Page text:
That is the sort of men they are—clean, lively, energetic Americans. I wanted to know why they were laughing, so I fumbled my way to a dark door and through a black hall and lifted a blanket curtain and stepped in.

"Thus," some one was saying in a pompous, professorial way, "we observe, gentlemen of the class in entomology, that when confronted by danger even the humblest—I might say the most despicable—insect manifests a marvelous intelligence."

The members of the class were standing standing on each other's blankets. A youth who had left college to enter the army was giving an imitation of the instructor he had evaded by going to war. Two men were seated on the floor. "Signals" was picking "cooties" from the seams of his clothes and depositing them on a space that had been cleared. "Stokes" was embalming them in drops of grease from a guttering candle. A dozen white blotches on the worn red bricks told of the success of the pursuit.


Perhaps the reader thinks there is something repulsive and disgusting in this tale of clean-minded young Americans picking lice out of their clothing and killing them by drops from a burning candle. Perhaps there is. Perhaps my mentality has been warped by almost four years of war. To my mind the men who can do this and still laugh—bearing in mind their rearing and the clean years of their youth—are almost as nearly heroes as those who "hop over" when the whistle sounds the zero hour. The ones are called upon to keep up their courage under a day-long and nightlong degradation—a constant, crawling, loathsome irritation—while the others spend themselves freely in one fine burst. I cannot distinguish between brave men.

I call them "cooties" as the soldiers do, and for precisely the same reason that they nickname these minor, or are they major? horrors of war. Only the surgeons and the surgical orderlies and the men who run the steam cleaning machines come out bluntly with the word "louse." They are practical men. Their business is to deal with human ills and weaknesses, and they are habitually pressed for time. Their talk goes straight to the point, like a probe. The poor devils who are lousy always shy at the word.


The American soldiers speak of the pest as "cooties." The French fighter talks of "totos" and the British tell of "coddlers." They know it is not their fault that they are infested, but the effect of years of civilian training persists. They still feel, against all reason, that there is something shameful in their state. They try to assume a joviality they do not feel, and call the things "pants rabbits" and "seam squirrels" and speak of "reading their shirts."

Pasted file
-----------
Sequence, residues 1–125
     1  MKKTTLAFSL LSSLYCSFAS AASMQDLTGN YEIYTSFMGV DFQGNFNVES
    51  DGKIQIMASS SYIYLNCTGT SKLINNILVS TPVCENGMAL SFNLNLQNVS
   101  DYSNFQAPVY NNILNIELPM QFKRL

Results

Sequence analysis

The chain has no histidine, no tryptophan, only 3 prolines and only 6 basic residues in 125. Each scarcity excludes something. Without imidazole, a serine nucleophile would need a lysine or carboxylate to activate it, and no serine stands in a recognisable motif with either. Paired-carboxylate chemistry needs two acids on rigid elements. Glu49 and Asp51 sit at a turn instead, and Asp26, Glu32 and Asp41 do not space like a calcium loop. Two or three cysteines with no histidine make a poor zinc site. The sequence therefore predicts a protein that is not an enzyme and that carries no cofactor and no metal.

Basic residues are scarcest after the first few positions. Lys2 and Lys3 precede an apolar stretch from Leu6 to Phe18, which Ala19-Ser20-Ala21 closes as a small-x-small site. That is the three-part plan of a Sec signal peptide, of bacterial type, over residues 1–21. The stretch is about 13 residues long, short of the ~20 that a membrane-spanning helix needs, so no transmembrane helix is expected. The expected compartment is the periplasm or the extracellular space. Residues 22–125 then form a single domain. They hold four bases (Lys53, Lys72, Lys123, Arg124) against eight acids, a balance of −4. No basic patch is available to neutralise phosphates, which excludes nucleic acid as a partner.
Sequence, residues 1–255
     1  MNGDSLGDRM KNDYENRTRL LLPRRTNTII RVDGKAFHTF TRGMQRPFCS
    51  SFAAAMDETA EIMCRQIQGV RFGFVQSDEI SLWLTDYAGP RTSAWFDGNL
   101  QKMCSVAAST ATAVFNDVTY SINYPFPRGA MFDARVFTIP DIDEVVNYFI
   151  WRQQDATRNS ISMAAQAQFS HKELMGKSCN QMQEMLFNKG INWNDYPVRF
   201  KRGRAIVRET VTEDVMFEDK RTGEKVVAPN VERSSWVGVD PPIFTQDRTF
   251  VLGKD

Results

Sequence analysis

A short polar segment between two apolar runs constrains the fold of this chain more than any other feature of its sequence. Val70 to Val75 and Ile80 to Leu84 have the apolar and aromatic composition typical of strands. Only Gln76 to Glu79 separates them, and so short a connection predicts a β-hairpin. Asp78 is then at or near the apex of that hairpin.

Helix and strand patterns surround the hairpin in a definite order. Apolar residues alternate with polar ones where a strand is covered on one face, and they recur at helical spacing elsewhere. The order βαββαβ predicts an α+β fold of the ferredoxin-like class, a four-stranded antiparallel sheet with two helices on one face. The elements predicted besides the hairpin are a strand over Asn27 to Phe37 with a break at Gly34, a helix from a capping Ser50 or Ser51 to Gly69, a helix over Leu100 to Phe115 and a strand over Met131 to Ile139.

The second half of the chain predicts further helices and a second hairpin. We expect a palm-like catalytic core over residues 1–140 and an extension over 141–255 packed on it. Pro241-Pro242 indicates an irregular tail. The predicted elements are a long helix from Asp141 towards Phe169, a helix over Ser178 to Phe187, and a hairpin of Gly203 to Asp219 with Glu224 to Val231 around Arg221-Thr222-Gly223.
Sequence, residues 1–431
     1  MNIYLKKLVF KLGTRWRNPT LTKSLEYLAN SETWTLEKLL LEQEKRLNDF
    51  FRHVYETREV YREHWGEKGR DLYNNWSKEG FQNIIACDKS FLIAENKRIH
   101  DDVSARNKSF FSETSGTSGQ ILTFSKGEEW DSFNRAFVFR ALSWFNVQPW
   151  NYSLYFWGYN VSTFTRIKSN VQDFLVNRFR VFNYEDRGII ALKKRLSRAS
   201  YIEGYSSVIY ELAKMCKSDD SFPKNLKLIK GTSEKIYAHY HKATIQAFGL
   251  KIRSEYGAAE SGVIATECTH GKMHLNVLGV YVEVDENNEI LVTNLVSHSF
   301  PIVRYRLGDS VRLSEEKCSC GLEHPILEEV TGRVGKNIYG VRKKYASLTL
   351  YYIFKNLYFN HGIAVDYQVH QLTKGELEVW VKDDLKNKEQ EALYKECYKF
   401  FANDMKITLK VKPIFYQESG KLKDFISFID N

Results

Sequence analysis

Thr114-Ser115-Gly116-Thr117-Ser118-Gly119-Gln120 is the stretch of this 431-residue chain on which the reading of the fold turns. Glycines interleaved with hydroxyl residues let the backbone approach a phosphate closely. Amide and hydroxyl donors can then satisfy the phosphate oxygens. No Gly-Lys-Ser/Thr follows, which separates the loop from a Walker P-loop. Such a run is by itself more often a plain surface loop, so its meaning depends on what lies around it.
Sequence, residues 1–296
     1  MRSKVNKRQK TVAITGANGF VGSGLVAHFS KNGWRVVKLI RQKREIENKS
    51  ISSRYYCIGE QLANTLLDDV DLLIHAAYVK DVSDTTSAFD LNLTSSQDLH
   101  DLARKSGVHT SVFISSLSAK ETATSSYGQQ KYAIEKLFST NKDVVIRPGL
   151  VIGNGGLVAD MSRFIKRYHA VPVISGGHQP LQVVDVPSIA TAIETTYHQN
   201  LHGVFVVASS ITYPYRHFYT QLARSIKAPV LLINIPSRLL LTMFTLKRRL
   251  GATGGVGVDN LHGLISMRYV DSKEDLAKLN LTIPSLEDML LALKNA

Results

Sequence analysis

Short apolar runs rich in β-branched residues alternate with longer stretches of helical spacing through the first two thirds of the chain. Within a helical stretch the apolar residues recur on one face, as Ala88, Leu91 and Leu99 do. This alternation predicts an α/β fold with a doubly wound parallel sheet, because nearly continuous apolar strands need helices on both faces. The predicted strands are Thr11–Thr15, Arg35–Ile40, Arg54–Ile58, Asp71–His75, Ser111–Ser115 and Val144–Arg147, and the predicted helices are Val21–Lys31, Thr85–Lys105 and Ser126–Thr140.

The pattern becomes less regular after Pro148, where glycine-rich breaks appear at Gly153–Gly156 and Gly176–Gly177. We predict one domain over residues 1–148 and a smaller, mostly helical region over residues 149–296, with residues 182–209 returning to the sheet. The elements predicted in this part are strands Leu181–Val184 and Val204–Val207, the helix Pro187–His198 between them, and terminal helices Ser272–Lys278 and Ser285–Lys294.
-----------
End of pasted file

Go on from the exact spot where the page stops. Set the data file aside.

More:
"I'll meet you this afternoon," a noncom once told me, "down at Cootie Park."

Cootie Park was the grassy bank of a streamlet on which the sun shone warm. In the meadow was a flock of sheep guarded by two alert dogs, while the bent old shepherd carried the weaker lambs in his arms. Now and then he blew upon a brass instrument—half whistle, half squeak—and the flock and dogs obeyed his summons.

The disciplined sheep interested the boys immensely, as they sat there bare to the waist in the sunshine, going over their seams. Two discussed the shepherd and the sheep:

"Sure," one said, "he can blow every order we've got in the manual of arms. Last night I was watching him, and when it came time to start home he whistled 'Eyes right,' and they did."


his is not a pleasant recital, if one thinks in civilian terms of the louse as loathsome and suspects that the men who suffer from this plague are in some way to blame. At the very best it cannot be pleasant. But lately, since my own people have come into the war, and because I know them best and talk their language, I have begun to realize the moral courage that is needed to bear this plague without whining.

Many a man has told me that to be under fire would be a trifle if he could but be clean. Mud and thirst and hunger and cold can be borne with equanimity, but the louse carries the suggestion of degradation. Yet that, too, is sustained bravely.